International Standard Recording Code. Some recorders
allow the ISRC to be recorded for each audio track
on a disc. The code is made up of: Country Code (2
ASCII characters), Owner Code (3 ASCII characters),
Year of Recording (2 digits), Serial Number (5 digits).

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Jewel Case
The hinged plastic case in which most CDs are often
Jewel Case Sleeve (commonly known as “booklet”)
The pieces of paper which can be inserted into the
jewel case to help identify the contents of the CD
stored in the case. The sleeve on the front is called
the booklet, the sleeve in the back is the bottomcard
Joliet is an extension of the ISO 9660 standard, developed
by Microsoft to allow CDs to be recorded using long
filenames, and using the Unicode international character
set. Joliet allows you to use filenames up to 64 characters
in length, including spaces.

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An area at the beginning of each session on a recordable
compact disc which is left blank for the session’s
Table of Contents(track numbers and start points).
The lead-in is written when a session is closed,
and takes up 4500 sectors on disc (1 minute, or roughly
9 megabytes). The lead-in also contains the next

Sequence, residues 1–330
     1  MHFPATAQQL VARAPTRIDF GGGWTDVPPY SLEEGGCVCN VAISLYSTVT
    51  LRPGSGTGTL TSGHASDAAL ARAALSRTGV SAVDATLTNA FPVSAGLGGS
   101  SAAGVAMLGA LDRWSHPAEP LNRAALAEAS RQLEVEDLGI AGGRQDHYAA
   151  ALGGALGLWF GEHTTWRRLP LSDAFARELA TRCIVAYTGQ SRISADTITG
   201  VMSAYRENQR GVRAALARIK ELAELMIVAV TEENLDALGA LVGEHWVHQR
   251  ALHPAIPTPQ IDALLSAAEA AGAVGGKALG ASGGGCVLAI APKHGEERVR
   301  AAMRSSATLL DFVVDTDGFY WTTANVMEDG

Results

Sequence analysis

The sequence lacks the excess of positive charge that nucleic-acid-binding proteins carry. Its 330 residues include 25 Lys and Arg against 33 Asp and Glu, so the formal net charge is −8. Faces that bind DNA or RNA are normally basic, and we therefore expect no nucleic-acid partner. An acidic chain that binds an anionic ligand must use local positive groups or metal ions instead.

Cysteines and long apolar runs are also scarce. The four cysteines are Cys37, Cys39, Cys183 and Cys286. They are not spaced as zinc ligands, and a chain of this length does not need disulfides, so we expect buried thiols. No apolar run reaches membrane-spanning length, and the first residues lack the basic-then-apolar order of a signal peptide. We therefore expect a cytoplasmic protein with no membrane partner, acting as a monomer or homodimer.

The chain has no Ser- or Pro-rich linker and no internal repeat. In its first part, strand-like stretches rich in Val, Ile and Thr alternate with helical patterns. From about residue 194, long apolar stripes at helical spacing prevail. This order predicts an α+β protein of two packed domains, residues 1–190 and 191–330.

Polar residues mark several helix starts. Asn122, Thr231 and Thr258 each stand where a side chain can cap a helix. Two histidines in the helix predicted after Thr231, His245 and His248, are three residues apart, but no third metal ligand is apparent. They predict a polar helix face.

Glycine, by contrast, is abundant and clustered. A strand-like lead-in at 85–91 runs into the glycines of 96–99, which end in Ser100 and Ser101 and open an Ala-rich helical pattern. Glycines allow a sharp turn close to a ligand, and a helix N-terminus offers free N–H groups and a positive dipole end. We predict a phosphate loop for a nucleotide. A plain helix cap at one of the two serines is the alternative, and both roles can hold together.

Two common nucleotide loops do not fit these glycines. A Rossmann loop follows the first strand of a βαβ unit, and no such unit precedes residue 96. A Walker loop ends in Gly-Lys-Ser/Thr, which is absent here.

writeable address on the disc, (indicates whether
the disc is MultiSession) so that future sessions
can be added (unless the disc is closed).
An area at the end of a session which indicates that
the end of the data has been reached, there is no actual
data written in the lead-out. The first lead-out on
a disc is 6750 sectors (1.5 minutes, about 13 megabytes)
long; any subsequent lead-outs are 2250 sectors (.5
minute, about 4 megabytes).

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Technically, refers to the process of creating a glass
master from which compact discs will be reproduced
in quantity. In desktop recordable CD systems, mastering
is done together with pre-mastering by the desktop
CD recorder, and the term is generally used to mean “recording.”
Mixed-Mode Disc
A compact disc including both computer data and CD-DA
tracks. The data is all contained in Track 1, and the
audio in one or more following tracks.
MMC (Multi Media Command)
A standard command set used by some CD recorders. Many
newer recorders follow this standard, though many of
them also interpret it differently (so there are still
differences in how software must address these recorders,
despite the standard).
There are two recording modes for compact discs. In
Mode 1, used with CD-ROM applications, 288 bytes of
each sector are used for storing error correction code,